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Using data to successfully build for the Android market

by Alex Rosen on 06/27/13 06:12:00 pm   Featured Blogs

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At GREE, we're all about using data to better understand our players and make our games more fun. The analytics team is responsible for collecting, analyzing, interpreting and transforming large amount so data into actionable recommendations. The team pours over terabytes of data related to all of our games, from RPG to Strategy to Casino titles.

As part of this process, we end up with very large data sets that also give us a unique view into what's happening with the mobile market. We wanted to share some of this data in the hope that it helps other developers on the Google Play market so they can focus on developing for the right devices.

GREE has had many games at the top of the iOS and Android charts since we launched our initial mobile offerings, seeing success on both smartphone and tablet. Last year, for example, we had 3 of the top 100 grossing games on iOS and now we have 3 top games on Google Play. Today, we want to spend some time diving deeper into the growth of the Google Play market, which has been  a particularly interesting trend to watch and support. Being that our games are routinely in the Top 25 on Google Play, this is a market we keep a close eye on.

Over the past year, we’ve seen tremendous growth in per-user monetization metrics in Android titles at over 400%.This trend has to do both with our specific game design improvements but we also believe is reflective of the market as well based on top grossing revenue / spot analysis. Basically, game revenue is growing on Google Play and it’s growing fast.

This is exciting for developers like us, but one of the things that makes the Google market such a challenge is the number of devices to deal with. Although Google has done a great job streamlining device types and providing developers with the necessary tools, there are still many devices to optimize for.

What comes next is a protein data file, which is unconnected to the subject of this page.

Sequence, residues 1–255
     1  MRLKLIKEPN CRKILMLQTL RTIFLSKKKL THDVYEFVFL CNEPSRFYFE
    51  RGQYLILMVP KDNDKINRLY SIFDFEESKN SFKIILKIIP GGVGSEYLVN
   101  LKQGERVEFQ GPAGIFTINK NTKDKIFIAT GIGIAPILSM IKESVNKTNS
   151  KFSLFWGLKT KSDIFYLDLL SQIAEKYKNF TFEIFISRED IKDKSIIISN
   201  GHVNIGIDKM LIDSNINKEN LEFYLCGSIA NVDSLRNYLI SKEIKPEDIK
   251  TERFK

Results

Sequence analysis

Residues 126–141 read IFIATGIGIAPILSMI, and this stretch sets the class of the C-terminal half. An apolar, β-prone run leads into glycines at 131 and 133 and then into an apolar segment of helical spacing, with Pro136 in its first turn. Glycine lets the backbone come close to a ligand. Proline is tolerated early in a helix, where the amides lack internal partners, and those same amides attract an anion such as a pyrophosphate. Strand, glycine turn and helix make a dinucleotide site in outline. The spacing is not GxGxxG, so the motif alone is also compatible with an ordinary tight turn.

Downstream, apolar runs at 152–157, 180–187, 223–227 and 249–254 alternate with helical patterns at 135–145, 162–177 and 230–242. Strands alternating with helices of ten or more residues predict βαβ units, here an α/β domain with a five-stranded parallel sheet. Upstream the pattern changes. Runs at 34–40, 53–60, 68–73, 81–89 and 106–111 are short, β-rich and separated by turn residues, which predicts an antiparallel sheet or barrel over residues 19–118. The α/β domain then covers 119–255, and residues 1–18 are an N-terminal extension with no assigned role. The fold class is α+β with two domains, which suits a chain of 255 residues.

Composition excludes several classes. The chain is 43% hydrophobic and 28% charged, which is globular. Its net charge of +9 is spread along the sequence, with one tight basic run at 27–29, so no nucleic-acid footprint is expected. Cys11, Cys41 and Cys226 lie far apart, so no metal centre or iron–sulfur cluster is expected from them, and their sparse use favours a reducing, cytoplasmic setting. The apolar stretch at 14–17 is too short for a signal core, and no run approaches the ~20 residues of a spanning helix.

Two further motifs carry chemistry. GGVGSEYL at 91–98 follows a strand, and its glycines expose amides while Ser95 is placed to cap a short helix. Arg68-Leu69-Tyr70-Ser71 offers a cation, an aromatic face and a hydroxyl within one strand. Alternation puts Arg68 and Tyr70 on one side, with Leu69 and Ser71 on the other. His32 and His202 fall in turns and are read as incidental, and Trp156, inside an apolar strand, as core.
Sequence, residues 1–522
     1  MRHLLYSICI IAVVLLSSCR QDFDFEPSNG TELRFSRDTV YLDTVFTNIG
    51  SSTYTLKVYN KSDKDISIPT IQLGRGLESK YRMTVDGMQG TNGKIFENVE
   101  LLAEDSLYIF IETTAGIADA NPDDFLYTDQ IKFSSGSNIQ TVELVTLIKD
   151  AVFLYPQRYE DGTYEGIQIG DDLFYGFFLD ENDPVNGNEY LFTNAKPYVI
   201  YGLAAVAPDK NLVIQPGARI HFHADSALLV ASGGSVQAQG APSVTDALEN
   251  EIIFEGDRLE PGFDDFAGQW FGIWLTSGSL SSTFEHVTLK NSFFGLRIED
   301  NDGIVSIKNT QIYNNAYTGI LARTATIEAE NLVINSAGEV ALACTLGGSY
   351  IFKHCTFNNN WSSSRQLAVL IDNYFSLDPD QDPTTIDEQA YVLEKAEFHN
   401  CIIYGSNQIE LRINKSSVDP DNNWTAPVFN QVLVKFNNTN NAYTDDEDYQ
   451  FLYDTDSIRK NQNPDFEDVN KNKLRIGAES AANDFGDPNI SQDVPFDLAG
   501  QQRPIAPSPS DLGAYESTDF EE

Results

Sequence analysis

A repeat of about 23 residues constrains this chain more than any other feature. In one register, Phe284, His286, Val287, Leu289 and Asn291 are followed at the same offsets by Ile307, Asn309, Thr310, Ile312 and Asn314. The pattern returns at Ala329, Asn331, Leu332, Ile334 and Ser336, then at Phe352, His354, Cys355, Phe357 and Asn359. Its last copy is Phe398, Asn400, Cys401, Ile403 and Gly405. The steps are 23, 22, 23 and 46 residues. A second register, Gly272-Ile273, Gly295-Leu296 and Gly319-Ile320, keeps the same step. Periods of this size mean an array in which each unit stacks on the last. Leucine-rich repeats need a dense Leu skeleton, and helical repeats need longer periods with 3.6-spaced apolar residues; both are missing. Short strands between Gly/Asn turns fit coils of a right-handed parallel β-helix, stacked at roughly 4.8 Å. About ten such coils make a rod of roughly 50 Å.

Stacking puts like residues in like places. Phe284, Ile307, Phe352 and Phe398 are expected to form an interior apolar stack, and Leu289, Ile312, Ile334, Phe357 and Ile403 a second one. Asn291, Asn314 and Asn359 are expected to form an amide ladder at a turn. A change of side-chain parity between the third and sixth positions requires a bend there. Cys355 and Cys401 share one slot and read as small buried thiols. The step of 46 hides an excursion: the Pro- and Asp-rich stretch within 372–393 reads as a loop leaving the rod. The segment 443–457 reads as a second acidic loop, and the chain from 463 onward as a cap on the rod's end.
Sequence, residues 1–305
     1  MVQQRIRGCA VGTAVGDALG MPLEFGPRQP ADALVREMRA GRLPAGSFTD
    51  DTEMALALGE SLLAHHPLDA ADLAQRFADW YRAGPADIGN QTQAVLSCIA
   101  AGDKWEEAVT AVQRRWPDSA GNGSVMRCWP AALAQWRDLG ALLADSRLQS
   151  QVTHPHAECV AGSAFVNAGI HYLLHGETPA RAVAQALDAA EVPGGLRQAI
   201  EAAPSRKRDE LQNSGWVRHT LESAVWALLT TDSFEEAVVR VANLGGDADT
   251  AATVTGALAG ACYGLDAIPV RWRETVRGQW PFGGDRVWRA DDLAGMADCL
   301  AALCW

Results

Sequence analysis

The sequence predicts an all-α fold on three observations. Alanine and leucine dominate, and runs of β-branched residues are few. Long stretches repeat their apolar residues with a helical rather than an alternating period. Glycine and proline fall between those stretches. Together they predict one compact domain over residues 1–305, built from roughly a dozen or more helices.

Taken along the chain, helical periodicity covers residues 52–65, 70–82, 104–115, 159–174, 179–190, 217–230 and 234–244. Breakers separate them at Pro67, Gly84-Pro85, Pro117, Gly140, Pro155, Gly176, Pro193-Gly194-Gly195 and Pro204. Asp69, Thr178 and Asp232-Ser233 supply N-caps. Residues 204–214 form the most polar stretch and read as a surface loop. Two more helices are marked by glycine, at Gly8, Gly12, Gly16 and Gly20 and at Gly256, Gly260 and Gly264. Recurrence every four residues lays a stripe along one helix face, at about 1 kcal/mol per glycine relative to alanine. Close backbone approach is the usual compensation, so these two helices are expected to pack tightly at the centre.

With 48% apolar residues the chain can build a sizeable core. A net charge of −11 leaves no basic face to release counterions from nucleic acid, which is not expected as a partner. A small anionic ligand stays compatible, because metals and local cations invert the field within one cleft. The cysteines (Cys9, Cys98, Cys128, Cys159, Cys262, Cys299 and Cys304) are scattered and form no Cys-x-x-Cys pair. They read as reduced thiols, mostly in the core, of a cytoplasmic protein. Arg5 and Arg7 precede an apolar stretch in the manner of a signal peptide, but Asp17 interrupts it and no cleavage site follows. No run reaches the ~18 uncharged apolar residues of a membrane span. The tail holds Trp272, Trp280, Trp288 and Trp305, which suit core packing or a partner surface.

So, as a developer faced with all these devices, where should you focus your development and QA efforts? We want to provide the data to make this easier for you, so you can focus on the high impact devices.

Tablet vs. Smartphone

Android smartphones make up a noticeably larger percentage of revenue on the platform than tablets. Top tier devices like the Nexus 7 are changing this and we've seen growth here. Tablets perform well in average revenue per user as well so we're seeing great potential here, especially since the play experience is great.


Next, we broke out these two device groups into their individual components.

The Galaxy S III and SII top the list, contributing 22.5% and 17.8%, respectively, of total Android smartphone revenue. If you're going to pick up some phones to focus on and test, these are the ones we'd go with.

The Samsung Galaxy Tab contributes the most to overall tablet revenue (32.0% of all tablet revenue) with the Asus Transformer and Kindle Fire coming in second and third with 20.3% and 19.6% of all tablet revenue, respectively.

To see how individual smartphones and tablets compared to one another, we’ve included both smartphones and tablets on the chart below. Here are the top 20 devices, ranked by revenue contribution.

So? What Does it All Mean?

The Android market can be tricky to navigate, but we're confident that the market opportunity will continue to grow quickly over the coming quarters and years. It’s clear, in particular, that the tablet market is growing. Given how important the iPad has been to the iOS ecosystem, we expect this to be a huge opportunity for growth in the Google Play market. Some of the top tier Android tablets perform great: they’re fast, they look good and the gaming experience is top notch At GREE, we’re super excited for more users to get their hands on these to enjoy the games on Google Play.

Developers can take advantage of this growth by continuing to invest in Google Play. When doing so, we suggest using this data to know where to focus. If you try to cover every device and every OS, you’ll spend all your time chasing down device specific issues. Instead, focus on the top devices and you can make the experience triple-A for these ones.

Finally, make sure to track your own metrics and which devices are performing well for you. Popularity will change over time, and your game performance may be different, but we believe this is a good start.

As you begin to develop or improve your game on Android, we hope this data helps you understand where to focus to make the maximum impact to your users.

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